When retirement plan investment professionals in California intentionally make decisions that are not in the best interests of their clients, they may be held liable. In one out-of-state case involving regulatory compliance, Intel Corporation faces a suit filed by a person who participates in retirements plans sponsored by the company. The suit alleges that Intel’s investment practices have contributed to the improper investment of many participants’ funds.
According to the complaint, the investment committee adopted asset-allocation models that were not in line with the standards used by today’s investment plan fiduciaries. He said the defendants specifically invested a large amount of the plan participants’ assets in high-cost and risky private equity and hedge fund investments. In fact, Intel’s investments in hedge funds jumped to a whopping $680 million from just $50 million, a rise of 1,300 percent.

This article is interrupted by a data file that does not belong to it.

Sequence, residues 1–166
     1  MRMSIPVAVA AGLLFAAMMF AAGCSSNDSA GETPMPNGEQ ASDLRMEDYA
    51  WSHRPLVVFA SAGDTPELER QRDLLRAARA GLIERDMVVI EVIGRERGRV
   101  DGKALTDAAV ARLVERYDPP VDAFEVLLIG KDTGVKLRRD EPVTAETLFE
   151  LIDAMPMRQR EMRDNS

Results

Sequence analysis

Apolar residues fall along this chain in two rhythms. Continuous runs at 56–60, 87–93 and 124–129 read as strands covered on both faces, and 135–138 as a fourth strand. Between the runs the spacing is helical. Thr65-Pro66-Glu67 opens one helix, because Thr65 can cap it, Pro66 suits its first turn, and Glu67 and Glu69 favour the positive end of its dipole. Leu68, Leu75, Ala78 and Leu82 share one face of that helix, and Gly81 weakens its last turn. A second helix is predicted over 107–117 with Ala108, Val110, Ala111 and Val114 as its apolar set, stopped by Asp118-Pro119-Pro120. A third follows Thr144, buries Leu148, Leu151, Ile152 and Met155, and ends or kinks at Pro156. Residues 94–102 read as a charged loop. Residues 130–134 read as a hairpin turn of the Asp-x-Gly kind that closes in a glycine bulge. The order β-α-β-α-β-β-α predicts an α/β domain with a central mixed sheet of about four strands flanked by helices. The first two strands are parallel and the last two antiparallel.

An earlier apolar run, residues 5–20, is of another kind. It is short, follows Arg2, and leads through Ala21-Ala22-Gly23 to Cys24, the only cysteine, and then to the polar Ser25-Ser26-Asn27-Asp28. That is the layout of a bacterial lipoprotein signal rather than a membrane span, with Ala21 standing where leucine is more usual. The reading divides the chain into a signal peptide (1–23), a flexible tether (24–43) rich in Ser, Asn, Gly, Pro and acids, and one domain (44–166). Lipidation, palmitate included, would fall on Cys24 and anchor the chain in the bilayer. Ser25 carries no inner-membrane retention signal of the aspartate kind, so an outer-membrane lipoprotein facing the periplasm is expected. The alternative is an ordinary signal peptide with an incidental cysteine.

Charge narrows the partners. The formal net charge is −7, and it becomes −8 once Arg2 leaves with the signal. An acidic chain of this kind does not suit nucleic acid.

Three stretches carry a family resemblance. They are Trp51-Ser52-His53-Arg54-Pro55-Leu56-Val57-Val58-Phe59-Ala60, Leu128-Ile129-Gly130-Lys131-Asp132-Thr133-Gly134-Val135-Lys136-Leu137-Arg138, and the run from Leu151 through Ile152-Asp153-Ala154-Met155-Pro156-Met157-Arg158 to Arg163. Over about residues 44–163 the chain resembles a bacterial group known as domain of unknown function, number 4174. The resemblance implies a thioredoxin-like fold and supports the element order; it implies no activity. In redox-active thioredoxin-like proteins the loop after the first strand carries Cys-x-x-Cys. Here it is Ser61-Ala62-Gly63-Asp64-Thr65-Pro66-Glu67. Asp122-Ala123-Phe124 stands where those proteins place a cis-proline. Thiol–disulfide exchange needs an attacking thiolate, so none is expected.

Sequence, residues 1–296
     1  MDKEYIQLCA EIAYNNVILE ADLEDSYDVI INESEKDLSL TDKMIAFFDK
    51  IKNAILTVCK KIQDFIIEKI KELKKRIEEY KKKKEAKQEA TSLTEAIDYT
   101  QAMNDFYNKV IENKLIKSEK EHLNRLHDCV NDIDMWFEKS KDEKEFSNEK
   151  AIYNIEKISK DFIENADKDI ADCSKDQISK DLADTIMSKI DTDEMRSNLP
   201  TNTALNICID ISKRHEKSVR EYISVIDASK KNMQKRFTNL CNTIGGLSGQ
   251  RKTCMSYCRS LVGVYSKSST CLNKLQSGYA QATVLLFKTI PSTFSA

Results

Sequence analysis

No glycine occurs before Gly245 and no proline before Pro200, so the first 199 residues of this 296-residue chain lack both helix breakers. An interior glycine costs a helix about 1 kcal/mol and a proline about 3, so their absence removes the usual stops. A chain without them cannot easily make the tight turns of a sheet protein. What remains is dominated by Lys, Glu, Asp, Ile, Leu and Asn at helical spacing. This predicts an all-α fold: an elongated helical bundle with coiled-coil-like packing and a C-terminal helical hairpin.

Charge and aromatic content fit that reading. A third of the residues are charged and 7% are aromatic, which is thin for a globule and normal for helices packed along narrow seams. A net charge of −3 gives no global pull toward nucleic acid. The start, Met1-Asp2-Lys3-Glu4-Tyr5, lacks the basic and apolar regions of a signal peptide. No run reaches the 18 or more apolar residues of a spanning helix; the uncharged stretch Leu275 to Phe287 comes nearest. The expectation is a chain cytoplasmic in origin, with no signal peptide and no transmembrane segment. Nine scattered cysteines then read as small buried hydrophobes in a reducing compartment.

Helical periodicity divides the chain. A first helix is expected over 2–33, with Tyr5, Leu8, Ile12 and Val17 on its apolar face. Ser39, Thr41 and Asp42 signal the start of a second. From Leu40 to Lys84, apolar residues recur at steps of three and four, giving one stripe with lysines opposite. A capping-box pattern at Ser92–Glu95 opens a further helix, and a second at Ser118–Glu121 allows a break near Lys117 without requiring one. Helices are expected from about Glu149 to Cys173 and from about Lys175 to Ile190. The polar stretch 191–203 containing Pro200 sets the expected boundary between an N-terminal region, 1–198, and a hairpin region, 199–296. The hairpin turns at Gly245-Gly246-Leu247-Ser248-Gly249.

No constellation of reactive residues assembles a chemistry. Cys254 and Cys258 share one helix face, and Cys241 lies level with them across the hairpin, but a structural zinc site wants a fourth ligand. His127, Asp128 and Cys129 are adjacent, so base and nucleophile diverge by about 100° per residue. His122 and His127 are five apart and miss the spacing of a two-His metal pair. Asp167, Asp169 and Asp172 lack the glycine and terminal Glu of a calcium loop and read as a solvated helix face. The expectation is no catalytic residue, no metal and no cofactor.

The defendants’ actions allegedly caused plan participants to lose massive amounts of money while forcing them to pay excessive fees. The defendants have therefore been accused of breaching their fiduciary duties. The plaintiff filed the suit on behalf of people participating in both Intel’s retirement contribution plan and its 401(k) savings plan.
People in California depend on investment professionals to make prudent decisions about how their dollars will be invested; after all, their financial futures are at stake. Unfortunately, sometimes investment committees fail in the area of regulatory compliance and make unsuitable investments, thus hurting the people they are supposed to be helping. Appropriate legal guidance may help people to try to hold these parties accountable through the civil court system.
Source: planadviser.com, “Intel Lawsuit Questions Custom Target-Date Fund Construction“, Rebecca Moore, November 2, 2015